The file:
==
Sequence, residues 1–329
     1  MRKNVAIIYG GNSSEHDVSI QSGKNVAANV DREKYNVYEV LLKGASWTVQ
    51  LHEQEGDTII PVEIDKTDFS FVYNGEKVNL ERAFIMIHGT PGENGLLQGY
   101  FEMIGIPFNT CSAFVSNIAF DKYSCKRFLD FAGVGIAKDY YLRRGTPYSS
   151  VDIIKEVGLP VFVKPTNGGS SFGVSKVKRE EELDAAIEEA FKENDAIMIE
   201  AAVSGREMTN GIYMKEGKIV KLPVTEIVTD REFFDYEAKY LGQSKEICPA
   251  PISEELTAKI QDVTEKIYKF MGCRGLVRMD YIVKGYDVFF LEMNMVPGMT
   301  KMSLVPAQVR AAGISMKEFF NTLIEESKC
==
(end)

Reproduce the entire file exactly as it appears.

Sequence, residues 1–329
     1  MRKNVAIIYG GNSSEHDVSI QSGKNVAANV DREKYNVYEV LLKGASWTVQ
    51  LHEQEGDTII PVEIDKTDFS FVYNGEKVNL ERAFIMIHGT PGENGLLQGY
   101  FEMIGIPFNT CSAFVSNIAF DKYSCKRFLD FAGVGIAKDY YLRRGTPYSS
   151  VDIIKEVGLP VFVKPTNGGS SFGVSKVKRE EELDAAIEEA FKENDAIMIE
   201  AAVSGREMTN GIYMKEGKIV KLPVTEIVTD REFFDYEAKY LGQSKEICPA
   251  PISEELTAKI QDVTEKIYKF MGCRGLVRMD YIVKGYDVFF LEMNMVPGMT
   301  KMSLVPAQVR AAGISMKEFF NTLIEESKC